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How safe are H.264 streams from exploits? More exactly, are the consumer-grade H.264 codes generally "safe"?

I am currently gratuitously transcoding A/V files to avoid being exposed to possible exploits. This was after I noticed that some older video files will have very curious errors in them, errors that make me wonder if they are indeed exploit attempts ("strange, why's there a STRING in the middle of the stream?"). I do know that in some older formats/codecs, there were indeed past exploits.

Since H.264 codecs are a bit more modern than some of the older ones, I would like to know if such an elementary stream is safe in the "usual suspect" players: Windows Media, VLC, Quicktime and the major browsers (I use Chrome and Firefox, but should include Safari and InternetExploder just in case).

In that case, if the video is an H.264 elementary stream, I would not need to do a sanitization transcode step, and just create a new MP4 container. This would at least remove any container-based exploits. In other words:

ffmpeg -i <file> -c copy newcontainer.mp4

(or -c:v copy, and transcode the audio, etc).

Clearly, white room safety would require transcoding everything, but that's getting all Felix Unger.

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All anyone might be able to say is that there are no known holes in the various players. (I don't know if that's true, just that it's impossible to know that there are no undiscovered bugs in a complex piece of code.) H.264 streams are complex enough to have lots of corner cases. They're parsed with speed-optimized code written in C and assembly.

You're quite correct that this is a HUGE attack surface, esp. when you allow arbitrary input formats, including ones with crufty old demuxers / decoders written by some random guy a long time ago, who might or might not have had security in mind. This article about ffmpeg security fixes is quite interesting.

re: ascii strings inside video files. That's not uncommon at all. x264 output embeds a string like

x264 - core 142 r2455 021c0dc - H.264/MPEG-4 AVC codec - Copyleft 2003-2014 - http://www.videolan.org/x264.html - options: cabac=1 ref=6 deblock=1:2:2 analyse=0x3:0x133 me=umh subme=10 psy=1 psy_rd=1.00:0.50 mixed_ref=1 me_range=24 chroma_me=1 trellis=2 8x8dct=1 cqm=0 deadzone=21,11 fast_pskip=1 chroma_qp_offset=-4 threads=6 lookahead_threads=1 sliced_threads=0 nr=200 decimate=1 interlaced=0 bluray_compat=0 constrained_intra=0 bframes=6 b_pyramid=2 b_adapt=2 b_bias=0 direct=3 weightb=1 open_gop=0 weightp=2 keyint=250 keyint_min=25 scenecut=40 intra_refresh=0 rc_lookahead=60 rc=crf mbtree=1 crf=25.0 qcomp=0.60 qpmin=0 qpmax=69 qpstep=4 ip_ratio=1.40 aq=1:0.50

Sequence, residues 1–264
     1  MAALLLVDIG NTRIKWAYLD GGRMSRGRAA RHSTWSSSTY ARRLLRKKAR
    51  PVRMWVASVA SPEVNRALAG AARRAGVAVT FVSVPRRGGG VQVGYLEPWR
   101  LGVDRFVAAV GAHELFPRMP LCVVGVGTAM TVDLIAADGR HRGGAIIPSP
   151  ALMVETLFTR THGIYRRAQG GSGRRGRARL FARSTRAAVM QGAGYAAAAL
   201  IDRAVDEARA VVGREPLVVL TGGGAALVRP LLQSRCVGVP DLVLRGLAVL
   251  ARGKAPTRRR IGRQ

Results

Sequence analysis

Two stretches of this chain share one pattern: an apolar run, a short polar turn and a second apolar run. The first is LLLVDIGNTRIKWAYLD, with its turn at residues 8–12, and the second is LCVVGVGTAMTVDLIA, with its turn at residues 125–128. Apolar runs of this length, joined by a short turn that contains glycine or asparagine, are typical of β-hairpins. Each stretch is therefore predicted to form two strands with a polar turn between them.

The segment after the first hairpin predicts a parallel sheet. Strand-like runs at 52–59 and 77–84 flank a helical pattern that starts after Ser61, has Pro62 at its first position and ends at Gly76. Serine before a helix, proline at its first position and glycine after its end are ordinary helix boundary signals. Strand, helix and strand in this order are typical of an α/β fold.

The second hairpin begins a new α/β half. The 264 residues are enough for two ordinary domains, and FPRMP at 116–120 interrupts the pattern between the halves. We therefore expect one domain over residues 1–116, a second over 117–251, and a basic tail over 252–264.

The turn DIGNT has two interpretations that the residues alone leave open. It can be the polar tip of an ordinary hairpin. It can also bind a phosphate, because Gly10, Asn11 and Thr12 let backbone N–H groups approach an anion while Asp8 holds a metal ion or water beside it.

And of course strings will find lots of sequences of characters in the ascii range, just by random chance. Some containers use sequences of ascii characters as the magic values to indicate what type of object something is. e.g. mp4 has "moov", "mdat", and other atoms. If you can pick any sequence of 4 bytes for your format, you might as well pick ASCII characters to make things easier to debug.

I think transcoding all incoming video would incur a HUGE quality / CPU / storage overhead. Transcoding with nightly builds of ffmpeg would potentially shield you from known bugs in the typically old version of ffmpeg in VLC stable releases, and whatever bugs are in closed source stuff from Microsoft and Apple.

Remuxing is not a bad compromise.

There's also a balance between destroying metadata vs. passing through more potentially harmful stuff. (e.g. chapters, subtitles, ...)

If I were actually doing this, I'd probably store my output in mkv files. Using a different container is maybe better insurance against any weirdness from an input mp4 getting passed on to an output mp4.

Also, if you're actually doing this, I guess you'd run ffmpeg (or MP4Box for just mp4->mp4 remuxing) in a sandbox chroot or vm, or even just as an un-privileged user, so successful exploits are contained.

  • Thank you for the excellent answer! So if I were looking to sanitize the container, an MP4->MKV->MP4 would be superior to a straight MP4->MP4 recontainerization? – Mark Gerolimatos Mar 7 '15 at 23:28
  • Probably no better than MP4->MP4 remuxing. MP4->MKV MIGHT turn a buffer overflow -> remote code execution into just a crash in chapter parsing code, for example. (Or it might not, remuxing won't always help.) Putting it back into MP4 might line things up the same way as the original container. If you really still want the output to be MP4, mp4->mp4 remux is probably the same as mp4->mkv->mp4. And you could do it with MP4Box or something, instead of ffmpeg. – Peter Cordes Mar 14 '15 at 18:36

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